Scientists study the "tiger stripes" on Saturn's moon Enceladus, a new robot could "hug" space junk out of low-Earth orbit and a SpaceX Starlink satellite is getting a new coating to reduce brightness. These are just some of the top stories this week from Space. com.
New robot could clear up space junk with death dive.
The European Space Agency (ESA) will launch an experimental, four-armed robot on a mission known as ClearSpace-1. It is tasked with grasping a defunct satellite in its clutches and destroying it as they both death dive through Earth's atmosphere. There are thousands of defunct satellites and millions of smaller pieces of debris in low Earth orbit today.
New Shepard launches into space.
Blue Origin's reusable New Shepard spacecraft launched into the sky this week to deliver NASA experiments, student art projects and postcards from children up to the International Space Station. Wednesday's launch marked the sixth spaceflight for this vehicle, making it Blue Origin's most-flown booster and space capsule.
50th launch for Indian rocket.
India achieved the 50th launch of its Polar Satellite Launch Vehicle (PSLV) rocket on Wednesday (Dec. 11), when the space vehicle took off from Satish Dhawan Space Centre on India's east coast, near the Bay of Bengal. It's main payload is a spy satellite that is expected to operate for five years.
U.S. atomic bomb destruction in Bikini Atoll mapped for the first time.
On Dec. 9, scientists presented detailed maps of the Bikini Atoll seabed in the central Pacific Ocean. This region was ground zero for powerful atomic bombs detonated by the U.S. army more than 70 years ago, and the new maps of the seafloor around this chain of coral reef islands reveals two massive craters.
NASA Chief shows off moon megarocket's core stage.
During a Dec. 9 news conference, NASA Administrator Jim Bridenstine showed off the completed core stage of the space agency's first-ever Space Launch System (SLS) megarocket. SLS is designed for NASA's Artemis program, and its flight will be the first step to returning humans to the moon in the next decade. The SLS core stage is 212 feet tall (65 meters) and includes four engines and two liquid-propellant tanks.
Scientists study Enceladus' surface stripes.
Saturn's moon Enceladus has "tiger stripes" on its surface. These features as unique in the solar system and scientists recently studied why these stripes are evenly spaced and only on the south pole of Enceladus. Icy material beneath the surface of this moon spews out from these fissures and was seen by NASA's Cassini spacecraft.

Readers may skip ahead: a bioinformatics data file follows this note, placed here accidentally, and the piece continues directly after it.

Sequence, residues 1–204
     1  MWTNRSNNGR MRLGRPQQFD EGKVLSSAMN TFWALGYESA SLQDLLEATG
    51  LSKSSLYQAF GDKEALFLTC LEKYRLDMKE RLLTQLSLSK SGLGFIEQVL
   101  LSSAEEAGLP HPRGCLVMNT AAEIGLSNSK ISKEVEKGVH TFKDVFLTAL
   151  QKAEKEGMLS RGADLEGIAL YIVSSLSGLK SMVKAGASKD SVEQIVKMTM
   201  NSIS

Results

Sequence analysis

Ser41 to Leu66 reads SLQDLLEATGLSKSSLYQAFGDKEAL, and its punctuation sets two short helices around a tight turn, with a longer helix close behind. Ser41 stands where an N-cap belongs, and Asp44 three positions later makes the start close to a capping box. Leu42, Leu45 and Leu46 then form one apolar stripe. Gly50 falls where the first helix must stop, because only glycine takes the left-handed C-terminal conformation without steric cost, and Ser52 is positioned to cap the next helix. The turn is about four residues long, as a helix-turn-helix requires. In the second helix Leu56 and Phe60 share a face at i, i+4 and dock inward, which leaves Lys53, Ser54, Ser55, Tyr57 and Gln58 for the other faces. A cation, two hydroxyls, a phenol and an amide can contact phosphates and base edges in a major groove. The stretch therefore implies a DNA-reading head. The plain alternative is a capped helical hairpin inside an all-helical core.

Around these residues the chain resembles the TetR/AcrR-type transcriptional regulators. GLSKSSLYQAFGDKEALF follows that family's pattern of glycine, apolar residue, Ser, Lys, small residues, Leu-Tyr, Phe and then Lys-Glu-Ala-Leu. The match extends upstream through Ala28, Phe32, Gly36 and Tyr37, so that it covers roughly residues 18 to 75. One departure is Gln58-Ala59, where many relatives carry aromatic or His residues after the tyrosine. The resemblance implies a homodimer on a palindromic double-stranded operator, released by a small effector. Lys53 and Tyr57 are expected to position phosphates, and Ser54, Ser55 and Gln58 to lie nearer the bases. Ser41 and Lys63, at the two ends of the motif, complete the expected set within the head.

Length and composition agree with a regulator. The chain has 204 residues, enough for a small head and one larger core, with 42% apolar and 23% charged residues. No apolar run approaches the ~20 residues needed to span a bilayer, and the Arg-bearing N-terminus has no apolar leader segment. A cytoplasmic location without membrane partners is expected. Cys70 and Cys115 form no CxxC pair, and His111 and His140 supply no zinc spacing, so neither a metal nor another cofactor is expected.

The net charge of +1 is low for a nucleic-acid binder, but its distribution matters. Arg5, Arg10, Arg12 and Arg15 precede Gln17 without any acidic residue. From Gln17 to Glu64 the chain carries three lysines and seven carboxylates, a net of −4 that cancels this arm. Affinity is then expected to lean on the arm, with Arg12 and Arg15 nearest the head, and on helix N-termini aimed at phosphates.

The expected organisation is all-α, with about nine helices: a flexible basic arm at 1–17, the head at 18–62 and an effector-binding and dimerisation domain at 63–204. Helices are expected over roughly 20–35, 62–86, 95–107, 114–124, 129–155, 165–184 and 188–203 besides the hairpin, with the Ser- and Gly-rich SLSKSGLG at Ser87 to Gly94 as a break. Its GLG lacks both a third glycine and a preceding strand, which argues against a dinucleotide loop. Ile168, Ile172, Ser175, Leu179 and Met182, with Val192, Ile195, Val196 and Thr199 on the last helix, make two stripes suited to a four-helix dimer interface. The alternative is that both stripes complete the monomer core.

LB-1 black hole is not so monstrous, new papers say.
The "monster black hole" purported to be a whopping 70 times the mass of the sun is an incorrect finding, argues three new studies published this week. It seems like the black hole within the binary system LB-1 isn't actually all that massive.
SpaceX Starlink satellite to be treated with a different coating.
Shortly after SpaceX's first Starlink internet satellites launched in May, astronomers noticed that the little satellites are quite reflective and bright. They remain concerned that the growing Starlink constellation will wash out the night sky. A representative from SpaceX recently shared that a yet-to-be-launched Starlink satellite will be treated with a special coating to address the problem.
OSIRIS-REx to target 'Nightingale.'
On Thursday (Dec. 12), team members from NASA's asteroid-snagging OSIRIS-REx mission announced that they've selected the "Nightingale" landing-site candidate on asteroid Bennu as the spot where the spacecraft will collect its sample. The $800 million OSIRIS-REx mission is investigating the early days of the solar system and the role that carbon-rich asteroids like Bennu may have played in bringing life's building blocks to Earth.
NASA explodes a megarocket fuel tank for science.
NASA intentionally exploded the test version of a rocket propellant tank in a video published by the space agency on Monday (Dec. 9). The real tank is part of NASA's Space Launch System megarocket. Engineers purposely took this tank to its extreme limits and broke it because new information about how to build a better rocket can be gleaned by pushing systems, like this tank, to the point of failure.